The options for having a doctor’s visit without physically visiting a doctor have been expanding for years in Alaska. Now, the pandemic has shifted the expansion into overdrive.
Over the last month, a federal emergency order, a new state law, and a state health insurance policy change have relaxed a lot of technical and financial barriers to use telehealth for tens of thousands of Alaskans.
For many, telehealth will be free — and available for a much wider range of services — during the pandemic emergency.
Laura Jim goes to SEARHC, a tribal health care provider for Southeast Alaska, for her health care. She recently recovered from having COVID-19. Aside from getting swabbed for testing, her primary care was all virtual.
“It was, um, it’s a little different,” she said, hesitantly. Similar to a Zoom meeting. “They send me an email with the link. And I click on the link and download the program … super easy.”
She took her own temperature and pulse for a nurse.
“And then she brought me — just like a doctor, you know — brought me into a room. … And, so I was like, in a room through the video. And then the doctor would walk into the room (with) the laptop that was sitting there with my face on it. And then I met with the doctor.”
That’s one form of telemedicine. Doctor’s visits can be done without good internet over phone calls or email, too. Before the pandemic, there were technical security requirements that limited how parties could connect. For example, you might have had to leave home and go to a special office with a secure internet connection.
Last month, President Donald Trump’s administration relaxed some of those technical requirements for Medicare patients.
“Medicare patients can now visit any doctor by phone or video conference at no additional cost, including with commonly-used services like FaceTime and Skype — a historic breakthrough,” Trump said during a White House press conference. “And by doing this, the patient is not seeing the doctor, per se, but they’re seeing the doctor. So there’s no getting close.”
Which is good, because you can’t spread diseases over video.
In Alaska, Medicare covered more than 96,000 people as of 2018.
Destiny Sargeant is a clinical psychologist with a private practice in Juneau. She was licensed for telemedicine before the pandemic. Sometimes, she’d work with veterans who live out of town.
Now, “Because of COVID, I took all my people that I was seeing in Juneau and converted everybody now to telemedicine, and it seems to be working pretty well for most. Sometimes the thought is a little scary for people. But as you can see,” she said, while talking over a webcam, “we can still read body language, and it takes about 10 minutes and we would almost forget … and you can actually make a connection with people and still actually do really good therapy. So it seems to be working better than my wildest of expectations.”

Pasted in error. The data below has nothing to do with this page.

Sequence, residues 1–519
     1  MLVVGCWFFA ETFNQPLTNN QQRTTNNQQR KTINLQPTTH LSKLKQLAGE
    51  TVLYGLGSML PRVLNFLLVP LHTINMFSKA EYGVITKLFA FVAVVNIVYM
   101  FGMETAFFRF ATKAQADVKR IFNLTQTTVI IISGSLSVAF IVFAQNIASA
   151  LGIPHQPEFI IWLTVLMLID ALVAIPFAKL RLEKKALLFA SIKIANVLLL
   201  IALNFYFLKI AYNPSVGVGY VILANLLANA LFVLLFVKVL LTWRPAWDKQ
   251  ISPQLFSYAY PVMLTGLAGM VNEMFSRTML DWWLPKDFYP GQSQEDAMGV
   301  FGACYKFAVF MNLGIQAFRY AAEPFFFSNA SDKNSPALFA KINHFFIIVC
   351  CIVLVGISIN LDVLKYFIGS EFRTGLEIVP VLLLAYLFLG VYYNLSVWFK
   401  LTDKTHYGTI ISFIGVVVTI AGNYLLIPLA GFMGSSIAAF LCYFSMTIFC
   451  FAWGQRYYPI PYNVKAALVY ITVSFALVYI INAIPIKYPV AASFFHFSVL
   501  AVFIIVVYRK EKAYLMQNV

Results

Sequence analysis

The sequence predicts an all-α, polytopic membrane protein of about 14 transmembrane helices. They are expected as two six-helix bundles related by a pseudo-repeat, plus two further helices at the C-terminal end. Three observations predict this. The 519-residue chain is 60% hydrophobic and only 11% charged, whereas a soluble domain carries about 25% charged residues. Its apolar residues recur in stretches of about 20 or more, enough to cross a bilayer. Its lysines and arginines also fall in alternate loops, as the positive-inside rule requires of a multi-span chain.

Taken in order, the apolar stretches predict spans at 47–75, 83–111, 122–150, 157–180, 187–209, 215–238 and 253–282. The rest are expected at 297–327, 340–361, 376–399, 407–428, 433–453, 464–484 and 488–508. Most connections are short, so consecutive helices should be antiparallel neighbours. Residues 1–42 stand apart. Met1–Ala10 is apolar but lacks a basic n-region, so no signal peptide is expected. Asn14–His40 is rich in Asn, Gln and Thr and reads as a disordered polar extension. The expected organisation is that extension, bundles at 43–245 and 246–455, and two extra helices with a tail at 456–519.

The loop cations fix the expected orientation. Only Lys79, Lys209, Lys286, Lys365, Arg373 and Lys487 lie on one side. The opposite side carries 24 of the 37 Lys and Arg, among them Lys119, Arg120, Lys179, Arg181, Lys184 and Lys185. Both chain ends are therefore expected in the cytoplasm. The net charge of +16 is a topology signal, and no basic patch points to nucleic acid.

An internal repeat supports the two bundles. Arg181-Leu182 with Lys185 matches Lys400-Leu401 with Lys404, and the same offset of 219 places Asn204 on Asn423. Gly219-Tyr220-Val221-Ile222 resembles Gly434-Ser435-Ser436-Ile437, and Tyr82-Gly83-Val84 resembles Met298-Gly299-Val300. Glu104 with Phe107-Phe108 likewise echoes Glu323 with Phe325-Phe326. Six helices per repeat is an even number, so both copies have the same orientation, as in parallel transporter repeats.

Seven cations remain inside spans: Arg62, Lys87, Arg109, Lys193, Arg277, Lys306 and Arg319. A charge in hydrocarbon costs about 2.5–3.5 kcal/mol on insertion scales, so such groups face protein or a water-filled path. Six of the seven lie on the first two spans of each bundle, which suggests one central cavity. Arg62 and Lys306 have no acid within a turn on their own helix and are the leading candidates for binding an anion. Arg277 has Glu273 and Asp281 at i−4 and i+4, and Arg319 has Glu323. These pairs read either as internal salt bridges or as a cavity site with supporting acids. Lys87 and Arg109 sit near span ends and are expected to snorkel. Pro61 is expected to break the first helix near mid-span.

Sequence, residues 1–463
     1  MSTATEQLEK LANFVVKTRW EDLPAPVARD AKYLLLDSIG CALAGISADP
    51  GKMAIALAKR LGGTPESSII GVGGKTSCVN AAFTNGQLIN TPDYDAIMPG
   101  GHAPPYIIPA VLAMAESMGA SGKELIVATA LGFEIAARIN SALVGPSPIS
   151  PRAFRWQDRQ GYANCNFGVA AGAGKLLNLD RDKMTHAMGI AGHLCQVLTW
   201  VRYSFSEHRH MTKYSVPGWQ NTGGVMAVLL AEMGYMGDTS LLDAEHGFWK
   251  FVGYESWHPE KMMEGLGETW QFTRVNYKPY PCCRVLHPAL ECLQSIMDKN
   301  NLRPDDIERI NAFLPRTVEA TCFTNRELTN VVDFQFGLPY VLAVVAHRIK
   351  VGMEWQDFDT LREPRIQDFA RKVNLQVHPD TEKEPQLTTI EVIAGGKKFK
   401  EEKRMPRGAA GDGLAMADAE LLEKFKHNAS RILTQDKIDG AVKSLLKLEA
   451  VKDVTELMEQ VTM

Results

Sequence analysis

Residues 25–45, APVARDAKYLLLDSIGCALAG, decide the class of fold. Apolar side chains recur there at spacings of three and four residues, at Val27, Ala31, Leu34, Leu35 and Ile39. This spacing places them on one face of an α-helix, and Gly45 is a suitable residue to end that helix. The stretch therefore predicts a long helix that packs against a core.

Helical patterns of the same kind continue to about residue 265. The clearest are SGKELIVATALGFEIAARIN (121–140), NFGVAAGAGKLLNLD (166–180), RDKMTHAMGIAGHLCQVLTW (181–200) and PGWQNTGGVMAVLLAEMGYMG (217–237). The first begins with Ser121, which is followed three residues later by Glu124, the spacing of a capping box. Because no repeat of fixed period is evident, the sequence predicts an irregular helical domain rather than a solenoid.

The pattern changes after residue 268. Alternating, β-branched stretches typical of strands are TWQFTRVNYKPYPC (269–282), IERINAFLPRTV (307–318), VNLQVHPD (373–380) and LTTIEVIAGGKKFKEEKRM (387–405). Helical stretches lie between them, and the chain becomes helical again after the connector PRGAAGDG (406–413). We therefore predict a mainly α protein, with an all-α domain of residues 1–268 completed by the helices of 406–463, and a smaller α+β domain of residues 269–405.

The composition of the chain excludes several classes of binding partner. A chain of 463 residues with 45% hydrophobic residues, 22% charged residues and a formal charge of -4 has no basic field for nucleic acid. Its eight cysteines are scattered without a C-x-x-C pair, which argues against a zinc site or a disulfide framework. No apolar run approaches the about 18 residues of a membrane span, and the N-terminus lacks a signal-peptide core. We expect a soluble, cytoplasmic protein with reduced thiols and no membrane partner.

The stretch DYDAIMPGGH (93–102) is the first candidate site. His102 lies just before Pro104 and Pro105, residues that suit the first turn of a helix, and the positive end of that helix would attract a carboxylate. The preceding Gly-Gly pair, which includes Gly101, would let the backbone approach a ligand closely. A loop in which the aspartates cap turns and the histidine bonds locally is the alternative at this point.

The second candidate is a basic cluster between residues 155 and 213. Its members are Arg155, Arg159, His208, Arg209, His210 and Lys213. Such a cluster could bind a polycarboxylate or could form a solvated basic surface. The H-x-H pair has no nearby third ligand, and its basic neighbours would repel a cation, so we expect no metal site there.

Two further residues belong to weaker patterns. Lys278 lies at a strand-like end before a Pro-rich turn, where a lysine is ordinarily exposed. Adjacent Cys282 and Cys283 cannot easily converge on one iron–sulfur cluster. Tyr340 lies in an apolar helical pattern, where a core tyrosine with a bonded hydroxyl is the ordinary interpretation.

Sargeant said she prefers seeing people in person. But videoconferencing is the next best thing.
“I was one of those die-hard people 10 years ago when it wasn’t a common thing. I thought I probably had as much resistance as almost anybody else,” she said.
She said it wasn’t as satisfying at first, but she got over it. It also gave her some new ways to make therapeutic connections, like having a patient include their pet or discussing a piece of art spotted in their home.
“I find that it really works, and I’ll probably be at it for a very long time,” Sargeant said.
A lot of the telehealth freebies are tied to official emergency or disaster declarations. Once they’ve ended, free telehealth will, too.
For example, the state temporarily expanded access to Teladoc for about 90,000 people covered by AlaskaCare. It’s mostly retired public employees and their dependents, as well as a lot of current state workers and their dependents, according to Emily Ricci, chief health administrator for the state Division of Retirement and Benefits.
Teladoc isn’t a generic term, but one specific company. A representative said Alaska-specific usage data isn’t readily available. Nationally, however, a March 13 press release said the volume of visits shot up 50% that week. More than half of the Teladoc visits were from first-time users.
One lasting change is a new requirement for insurance plans in Alaska sold on the individual health care exchange. A new state law took effect March 17, requiring those plans cover telehealth services.